They also asked whether their cities would be included in the Mega Cebu plans.
One of the proponents of the Mega Cebu project said the proposal is assured of sustainability, considering it will be run by the private sector. This will make it less vulnerable to changes whenever new leaders are chosen in local elections.
But in a text message, Lapu-Lapu City Mayor Paz Radaza expressed doubts the Mega Cebu proposal will work, given the present political set-up in Cebu.
While they are being urged to join, Radaza said her main concern is whether the proposals will lead to projects that will benefit her constituents.
“Wa man mi naki’g ija-ija (We don’t intend to be isolated and do things only on our own). What is important to me is how it will benefit our constituents,” she added.
Challenges like urbanization and the quality of life, as well as inadequate infrastructure and declining competitiveness, are among the areas a plan for Mega Cebu should address, business leader Roberto Aboitiz said in a forum last month.
The idea, he said, is to plan not just for Metro Cebu, but a larger region, possibly up to the cities of Carcar in the south and Danao in the north.
The plan would be good for the next 30 years, he added, and address challenges that cross boundaries, like reducing the risk of disasters and adapting to climate change.
Mandaue City Mayor Jonas Cortes said that while he supports the Mega Cebu project, he fears the proposal might end up like the now-defunct Metro Cebu Development Projects (MCDP).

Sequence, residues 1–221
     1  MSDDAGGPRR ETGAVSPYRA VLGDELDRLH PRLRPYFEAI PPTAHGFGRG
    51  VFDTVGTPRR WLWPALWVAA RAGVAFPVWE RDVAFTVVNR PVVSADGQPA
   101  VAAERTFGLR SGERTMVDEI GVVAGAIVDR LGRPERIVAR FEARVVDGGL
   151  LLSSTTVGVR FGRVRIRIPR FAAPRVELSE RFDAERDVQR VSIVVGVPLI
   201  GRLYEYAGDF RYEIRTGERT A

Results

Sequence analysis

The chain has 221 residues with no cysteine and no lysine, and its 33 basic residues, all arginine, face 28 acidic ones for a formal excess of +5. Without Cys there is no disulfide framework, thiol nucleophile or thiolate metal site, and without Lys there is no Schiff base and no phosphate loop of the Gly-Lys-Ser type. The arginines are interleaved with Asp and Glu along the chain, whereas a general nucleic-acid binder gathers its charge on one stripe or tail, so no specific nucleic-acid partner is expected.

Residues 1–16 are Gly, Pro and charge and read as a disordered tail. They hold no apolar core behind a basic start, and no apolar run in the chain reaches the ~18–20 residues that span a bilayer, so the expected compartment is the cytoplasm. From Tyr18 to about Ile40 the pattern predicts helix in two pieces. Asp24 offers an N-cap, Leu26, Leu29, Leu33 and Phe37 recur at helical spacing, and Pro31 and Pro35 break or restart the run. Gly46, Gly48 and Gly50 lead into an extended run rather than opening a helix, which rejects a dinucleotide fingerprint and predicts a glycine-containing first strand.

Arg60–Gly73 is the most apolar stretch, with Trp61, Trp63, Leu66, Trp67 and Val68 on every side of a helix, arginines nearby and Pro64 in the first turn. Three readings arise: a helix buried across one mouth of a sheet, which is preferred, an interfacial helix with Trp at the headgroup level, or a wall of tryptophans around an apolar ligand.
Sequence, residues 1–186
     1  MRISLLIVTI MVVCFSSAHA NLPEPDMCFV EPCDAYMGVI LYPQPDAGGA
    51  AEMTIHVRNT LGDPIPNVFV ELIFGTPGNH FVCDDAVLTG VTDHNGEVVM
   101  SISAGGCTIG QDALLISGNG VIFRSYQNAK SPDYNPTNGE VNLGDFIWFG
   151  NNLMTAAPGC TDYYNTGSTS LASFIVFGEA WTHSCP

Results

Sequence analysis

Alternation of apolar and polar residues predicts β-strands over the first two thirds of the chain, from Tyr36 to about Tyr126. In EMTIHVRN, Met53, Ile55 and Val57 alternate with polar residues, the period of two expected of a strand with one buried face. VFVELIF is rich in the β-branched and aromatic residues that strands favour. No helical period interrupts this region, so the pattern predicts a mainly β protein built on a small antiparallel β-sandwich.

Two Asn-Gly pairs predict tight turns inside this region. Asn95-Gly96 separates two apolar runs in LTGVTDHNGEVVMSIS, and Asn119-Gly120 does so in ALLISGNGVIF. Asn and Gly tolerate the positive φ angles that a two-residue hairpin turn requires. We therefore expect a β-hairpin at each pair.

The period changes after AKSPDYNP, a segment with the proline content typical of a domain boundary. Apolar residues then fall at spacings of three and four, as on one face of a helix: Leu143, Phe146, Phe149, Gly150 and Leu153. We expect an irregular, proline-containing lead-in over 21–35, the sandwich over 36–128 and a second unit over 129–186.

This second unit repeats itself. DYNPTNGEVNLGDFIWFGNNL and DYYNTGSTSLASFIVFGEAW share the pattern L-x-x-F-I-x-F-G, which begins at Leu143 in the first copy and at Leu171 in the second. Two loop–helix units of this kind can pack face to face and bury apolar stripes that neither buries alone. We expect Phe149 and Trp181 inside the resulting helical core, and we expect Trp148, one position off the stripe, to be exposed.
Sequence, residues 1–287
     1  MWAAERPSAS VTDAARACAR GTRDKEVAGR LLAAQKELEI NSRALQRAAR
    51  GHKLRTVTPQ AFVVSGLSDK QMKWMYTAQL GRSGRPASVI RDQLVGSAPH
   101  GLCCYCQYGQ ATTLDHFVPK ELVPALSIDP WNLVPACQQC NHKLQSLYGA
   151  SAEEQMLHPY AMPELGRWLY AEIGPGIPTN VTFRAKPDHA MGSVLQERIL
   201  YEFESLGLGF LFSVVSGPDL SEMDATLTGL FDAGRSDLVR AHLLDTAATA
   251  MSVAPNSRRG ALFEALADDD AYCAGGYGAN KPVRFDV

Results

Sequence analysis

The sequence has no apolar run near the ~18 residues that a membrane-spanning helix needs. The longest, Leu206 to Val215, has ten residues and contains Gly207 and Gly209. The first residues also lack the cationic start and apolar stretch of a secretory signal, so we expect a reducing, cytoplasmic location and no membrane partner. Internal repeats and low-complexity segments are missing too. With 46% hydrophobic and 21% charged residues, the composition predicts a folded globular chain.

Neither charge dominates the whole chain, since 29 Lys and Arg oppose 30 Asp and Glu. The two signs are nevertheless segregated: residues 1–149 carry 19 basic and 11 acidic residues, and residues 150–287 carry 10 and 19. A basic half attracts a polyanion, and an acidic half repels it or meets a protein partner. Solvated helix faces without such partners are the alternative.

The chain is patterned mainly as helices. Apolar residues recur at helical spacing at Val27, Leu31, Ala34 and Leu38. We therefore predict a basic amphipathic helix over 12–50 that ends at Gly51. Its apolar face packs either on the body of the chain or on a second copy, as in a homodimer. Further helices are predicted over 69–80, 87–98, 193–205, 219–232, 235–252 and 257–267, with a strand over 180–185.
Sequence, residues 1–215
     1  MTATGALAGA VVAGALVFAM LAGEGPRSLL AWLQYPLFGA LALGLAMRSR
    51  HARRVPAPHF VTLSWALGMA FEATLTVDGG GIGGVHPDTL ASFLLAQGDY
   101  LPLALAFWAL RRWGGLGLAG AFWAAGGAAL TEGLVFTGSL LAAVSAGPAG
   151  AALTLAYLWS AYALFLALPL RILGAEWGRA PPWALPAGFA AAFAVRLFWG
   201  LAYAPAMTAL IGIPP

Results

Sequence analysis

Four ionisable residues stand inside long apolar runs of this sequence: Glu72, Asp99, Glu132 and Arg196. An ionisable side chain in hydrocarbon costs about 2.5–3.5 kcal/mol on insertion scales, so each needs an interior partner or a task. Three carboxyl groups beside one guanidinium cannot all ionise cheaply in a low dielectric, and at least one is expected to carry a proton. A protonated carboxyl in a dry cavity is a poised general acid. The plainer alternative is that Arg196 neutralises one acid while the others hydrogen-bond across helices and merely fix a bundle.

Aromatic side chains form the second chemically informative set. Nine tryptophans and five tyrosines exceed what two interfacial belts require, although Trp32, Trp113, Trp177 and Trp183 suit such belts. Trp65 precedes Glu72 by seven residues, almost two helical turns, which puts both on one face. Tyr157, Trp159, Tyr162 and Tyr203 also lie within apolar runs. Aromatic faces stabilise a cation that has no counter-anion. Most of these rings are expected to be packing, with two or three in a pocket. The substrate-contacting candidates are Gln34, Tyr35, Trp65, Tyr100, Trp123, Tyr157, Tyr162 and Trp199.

He said that when MCDP was disbanded, infrastructure projects that were supposed to be place in Mandaue City also stopped. It was then the flooding worsened in the city over the years, he said.
Cortes said the succeeding development boards have not entirely solved problems in the local government units, such as traffic.
“Nindot ang atong damgo (That is a grand dream), but how can we expect cooperation, how can we have a unified traffic system if ang mga jeepneys sa Mandaue dili pasudlon sa Cebu City (Mandaue City’s jeepneys aren’t allowed into Cebu City)?” he added.
The mayor referred to the Cebu City Government’s decision to prevent Mandaue jeepneys from entering main roads, including downtown.
Cortes said that some mayors are considering the idea of letting national agencies, instead of politicians, the task of creating a good developmen handlet plan for Cebu.
These agencies include the National Economic and Development Authority and the Department of Public Works and Highways.
Businessman Bunny Pages, one of the members of the Metro Cebu Development Coordination Board (MCDCB), said there is an assurance of sustainability and permanence in the “Mega Cebu” plan, because members of the private sector will keep it together.
He said the project is not political, and thus less vulnerable to term limits imposed on local government officials.
Pages also said the Mega Cebu project is envisioned to remove the focus from individual local governments, and to encourage planners and officials to plan for Cebu as a whole.
“The project is aimed at contributing the expertise of the business and private sector in helping to improve Cebu,” Pages added. (Sun Star)